Analyzing historical weather data with Python: A machine learning clustering exercise with Scikit-Learn plus a cool map visualization of the clusters with Folium.
There is a 100% reproducible jupyter notebook workflow available in my github site, where you can:
Clusters of similar weather.
If so, you’re in luck! I’ve written a R-Markdown document that compares code in R and Python for the most common and basic functions in exploratory data analysis.
The dataset I used is a real-world dataset from Public Health Scotland that contains information on community pharmacy activity. After running the code, you will find the top 40 prescribed items in Scotland in February 2023.
So, whether you’re a Python user who needs to use R, or an R user who wants to learn Python, I encourage you to check out this exercise. It’s a great way to learn how to use both languages for data analysis. The code is 100% reproducible, so you can run it yourself to see how it works.
Here’s the link: https://github.com/InmaculadaRM/Top40Drugs
If you run the code, were those items what you were expecting? (I was surprised to see a group of drugs that weren’t as fashionable when I used to work in the pharmacy. Can you guess which group?)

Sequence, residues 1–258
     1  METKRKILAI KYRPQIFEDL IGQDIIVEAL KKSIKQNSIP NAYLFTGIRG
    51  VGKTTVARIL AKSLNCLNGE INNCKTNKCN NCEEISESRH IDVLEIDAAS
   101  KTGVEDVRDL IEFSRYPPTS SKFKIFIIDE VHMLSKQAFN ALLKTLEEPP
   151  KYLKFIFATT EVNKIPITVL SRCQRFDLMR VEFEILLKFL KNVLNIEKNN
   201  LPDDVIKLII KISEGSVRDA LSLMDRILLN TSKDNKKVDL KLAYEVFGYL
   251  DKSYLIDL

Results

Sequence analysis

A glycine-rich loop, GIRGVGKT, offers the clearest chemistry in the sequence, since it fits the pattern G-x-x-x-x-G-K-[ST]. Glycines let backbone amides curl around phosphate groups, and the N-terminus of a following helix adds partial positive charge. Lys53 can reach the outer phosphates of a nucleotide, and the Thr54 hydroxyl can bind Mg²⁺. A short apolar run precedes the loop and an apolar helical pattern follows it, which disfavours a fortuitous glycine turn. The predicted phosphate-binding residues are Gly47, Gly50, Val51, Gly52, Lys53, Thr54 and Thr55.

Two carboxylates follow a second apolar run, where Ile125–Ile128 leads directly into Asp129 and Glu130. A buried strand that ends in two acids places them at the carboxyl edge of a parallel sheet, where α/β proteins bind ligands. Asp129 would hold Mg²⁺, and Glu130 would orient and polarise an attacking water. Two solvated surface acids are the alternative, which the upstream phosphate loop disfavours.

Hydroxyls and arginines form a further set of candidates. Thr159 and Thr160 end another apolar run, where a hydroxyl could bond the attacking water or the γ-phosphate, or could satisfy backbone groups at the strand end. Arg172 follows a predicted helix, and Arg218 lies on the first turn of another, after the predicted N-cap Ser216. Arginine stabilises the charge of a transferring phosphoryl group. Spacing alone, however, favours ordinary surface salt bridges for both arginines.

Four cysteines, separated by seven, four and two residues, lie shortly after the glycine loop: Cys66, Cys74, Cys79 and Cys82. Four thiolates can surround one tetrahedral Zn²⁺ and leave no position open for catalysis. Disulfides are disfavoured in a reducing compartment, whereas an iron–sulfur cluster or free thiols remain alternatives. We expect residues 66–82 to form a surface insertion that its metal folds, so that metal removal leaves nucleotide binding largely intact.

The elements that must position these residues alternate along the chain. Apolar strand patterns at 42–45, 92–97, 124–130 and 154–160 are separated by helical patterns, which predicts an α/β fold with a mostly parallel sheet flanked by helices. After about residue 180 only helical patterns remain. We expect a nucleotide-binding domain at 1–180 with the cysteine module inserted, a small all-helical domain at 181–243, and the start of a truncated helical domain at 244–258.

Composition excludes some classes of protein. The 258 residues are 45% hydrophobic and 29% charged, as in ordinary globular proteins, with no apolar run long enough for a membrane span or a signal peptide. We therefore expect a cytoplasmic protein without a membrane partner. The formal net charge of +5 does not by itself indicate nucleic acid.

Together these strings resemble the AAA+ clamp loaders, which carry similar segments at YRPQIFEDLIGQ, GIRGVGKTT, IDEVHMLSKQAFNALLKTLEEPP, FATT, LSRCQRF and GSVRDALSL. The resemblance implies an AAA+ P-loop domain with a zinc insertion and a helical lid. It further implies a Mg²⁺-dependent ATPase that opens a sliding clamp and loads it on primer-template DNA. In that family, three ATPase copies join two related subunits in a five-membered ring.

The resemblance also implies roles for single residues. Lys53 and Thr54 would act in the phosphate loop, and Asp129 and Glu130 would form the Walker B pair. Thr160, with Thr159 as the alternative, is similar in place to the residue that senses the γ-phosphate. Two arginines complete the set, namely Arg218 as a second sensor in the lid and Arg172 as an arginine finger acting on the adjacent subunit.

Drawings and storytelling in Data Science can add interest, explanability and engagement to subjects and concepts otherwise hard to follow or understand. Here, a summary extracted from the results of my Machine Learning course assignment at the University of Stirling.
When I was a kid, in my natal city, all chicken eggs were white. and very often you were lucky to have two yolks in one egg. Now, most of the eggs are brown and it is very rare to find a two yolks egg.
I have used an invented probability for white and brown eggs to have two yolks in orden to explain conditional probability …mainly for myself as I keep forgetting the concept.
I’m on my first steps of learning HTML, CSS, SVG, D3.js and React with the aim to do interactive data visualizations. This is what I am capable of so far: My first in viz . (Not too much, I know … but it’s just the starting point.)